Theravada Buddhism frowns upon music as being decadent. Despite this
cultural backdrop, the Burmese monarchy as well as the infusion of
different regional music styles, have created several classical
traditions of Burmese music. The oldest influences may perhaps come
from China, which shares a similar pentatonic musical scale as
classical Burmese music. Other influences include Mon music (called Talaing than or "sounds of the
Talaing "), particularly in the Mahagita,
the complete body of classical Burmese music
Traditional music from Burma is melodious, generally without harmony, and usually in 4/4 time (na-yi-se) or 2/4 (wa-let-se) or 8/16 (wa-let-a-myan). There are "the segments combined into patterns, combined into verses, combined into songs that make Burmese music a multileveled hierarchical system. The Burmese musician manipulates the various levels of the hierarchy to create the song. A prevailing genre called Yodaya is essentially a class of Burmese adaptations to songs accompanied with the saung gauk and come from the Ayutthaya kingdom (modern-day Thailand) during the reigns of Bayinnaung (1551–1581) and Hsinbyushin (1753–1776), which brought back a variety of cultural traditions including the Ramayana. The primary indigenous form is called thachin.
Burmese classical music ensembles can be divided into outdoor and indoor ensembles. The outdoor musical ensemble is the sidaw--also called sidawgyi, which was an outdoor ensemble in royal courts used to mark important ceremonial functions like the royal ploughing ceremony. It consists of a hnegyi, a large double reed pipe and sidaw, a pair of ceremonial drums, as well as the si and wa , a bell and clapper and the gandama, a double-headed drum. Today, sidaw music is played at festivals. Other instruments used in classical music include the saung (harp; right) and pattala (xylophone). The indoor form is the chamber music ensemble, which is basically a female singer accompanied by a traditional ensemble consisting of the saung , pattala , migyaung (zither), palwe (flute) and in the past, included the tayaw (fiddle) and hnyin (small mouth organ)
For political reasons, and due to the relative austerity of Theravada chant practice, there has been almost no scholarly research on Buddhist music in Burma. Recent years have seen increased accessibility and interest. Paul D. Greene (“The Dhamma as Sonic Praxis: Paritta Chant in Burmese Theravāda Buddhism” Asian Music 35.2 (2004): 43–78) seems to be alone in his examination of this region’s Buddhist music traditions. Greene examines the use of chant in Burmese Buddhism as a means of memorizing Buddhist teachings and fostering proper mindfulness; furthermore, he analyzes the sonic and expressive attributes of Paritta chant in Burma to explore how, though Paritta chant varies geographically, it retains the functions of promoting mindfulness and facilitating memorization of the teachings of the Buddha.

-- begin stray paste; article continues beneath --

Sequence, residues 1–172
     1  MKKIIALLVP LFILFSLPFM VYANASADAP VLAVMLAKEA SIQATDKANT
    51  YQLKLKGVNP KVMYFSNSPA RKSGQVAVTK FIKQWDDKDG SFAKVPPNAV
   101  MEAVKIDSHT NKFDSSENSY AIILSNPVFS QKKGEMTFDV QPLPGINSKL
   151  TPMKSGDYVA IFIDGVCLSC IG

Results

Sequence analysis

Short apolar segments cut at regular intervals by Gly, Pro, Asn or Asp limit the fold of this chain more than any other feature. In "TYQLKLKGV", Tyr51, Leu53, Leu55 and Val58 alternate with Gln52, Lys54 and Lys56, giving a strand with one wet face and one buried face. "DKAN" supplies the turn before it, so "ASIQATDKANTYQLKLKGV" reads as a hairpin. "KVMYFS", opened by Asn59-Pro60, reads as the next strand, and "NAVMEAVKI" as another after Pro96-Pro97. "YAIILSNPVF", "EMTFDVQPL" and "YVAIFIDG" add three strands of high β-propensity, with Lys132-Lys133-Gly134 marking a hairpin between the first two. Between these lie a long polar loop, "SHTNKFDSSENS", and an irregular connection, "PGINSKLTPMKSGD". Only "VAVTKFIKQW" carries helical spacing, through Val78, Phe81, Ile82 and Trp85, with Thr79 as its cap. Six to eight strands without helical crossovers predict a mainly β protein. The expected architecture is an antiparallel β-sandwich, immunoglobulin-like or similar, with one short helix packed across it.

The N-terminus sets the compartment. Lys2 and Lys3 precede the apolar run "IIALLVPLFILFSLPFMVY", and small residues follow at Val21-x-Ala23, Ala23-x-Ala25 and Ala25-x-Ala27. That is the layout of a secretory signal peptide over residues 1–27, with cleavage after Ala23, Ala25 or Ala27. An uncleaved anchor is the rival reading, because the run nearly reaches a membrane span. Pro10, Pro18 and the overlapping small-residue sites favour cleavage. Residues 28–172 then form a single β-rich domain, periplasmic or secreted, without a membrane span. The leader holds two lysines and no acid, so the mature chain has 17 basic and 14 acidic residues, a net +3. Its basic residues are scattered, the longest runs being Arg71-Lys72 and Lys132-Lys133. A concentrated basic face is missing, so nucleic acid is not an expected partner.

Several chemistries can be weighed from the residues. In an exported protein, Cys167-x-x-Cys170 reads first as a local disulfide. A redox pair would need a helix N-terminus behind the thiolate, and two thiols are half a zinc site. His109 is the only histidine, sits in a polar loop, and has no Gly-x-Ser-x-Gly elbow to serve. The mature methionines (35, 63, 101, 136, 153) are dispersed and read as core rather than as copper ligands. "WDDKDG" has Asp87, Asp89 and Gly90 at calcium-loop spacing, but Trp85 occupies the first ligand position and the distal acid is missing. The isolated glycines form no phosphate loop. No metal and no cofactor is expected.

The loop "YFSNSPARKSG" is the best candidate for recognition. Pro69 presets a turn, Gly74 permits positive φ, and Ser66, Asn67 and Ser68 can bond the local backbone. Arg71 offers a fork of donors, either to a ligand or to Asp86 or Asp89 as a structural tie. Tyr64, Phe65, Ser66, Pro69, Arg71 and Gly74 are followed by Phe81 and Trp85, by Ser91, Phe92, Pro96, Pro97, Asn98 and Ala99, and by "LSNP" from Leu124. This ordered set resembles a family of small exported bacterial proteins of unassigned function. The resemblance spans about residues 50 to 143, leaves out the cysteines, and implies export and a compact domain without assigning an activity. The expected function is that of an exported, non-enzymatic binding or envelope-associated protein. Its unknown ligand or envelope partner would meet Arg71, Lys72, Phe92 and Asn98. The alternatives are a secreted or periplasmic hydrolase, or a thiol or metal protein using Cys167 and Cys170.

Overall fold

Here are a few excerpts from Greene's article, which may be accessed on JSTOR:
Available historical and literary evidence suggests that during the first three centuries of Buddhism, the entirety of the Buddha's teaching--the Dhamma-was composed, learned, and propagated orally throughout Asia in the form of memorized and regularly rehearsed sound. The oral nature of this literature is evident in the fact that the historic Buddha Siddhartha Gautama chose to deliver his sermons and teachings in the vernacular language of Pali, rather than in Sanskrit, the language of elite religious writing of the time. There is evidence that already during the Buddha's lifetime his teachings came to be memorized and chanted: Mark Allon (1997:2) cites passages in Pali texts which recount monks hearing dhammas from the Buddha and reciting them, "line by line" (padaso dhammam vaceyya): i.e., retaining not only content but also stylistic features of alliteration, assonance, poetic and prosaic rhythm, and possibly other, more "musical" features as well. Monks are described as being learned because they have "heard much" and are therefore able to apprehend th e Dhamma. The famous monk Ananda, often considered the Buddha's favorite disciple, was said to be unequaled in his knowledge of the Buddha's discourse, of which he had memorized 82,000 (according to the Theragathdas). Shortly after the Buddha's death a council (sangiti) was convened in order to rehearse and pass on his teachings and also those of his important followers, and some of the teachings were divided among groups of monks, each with the responsibility of memorizing and regularly chanting certain discourses (suttas). Most of the paritta suttas are attributed to the historical Buddha and are commonly believed by Buddhists to be among the most ancient of the extant Buddhist dhammas, discourses. The history and also contemporary experience of the Dhamma by the vast majority of Buddhists is actually rooted, at least initially, in sonic experience.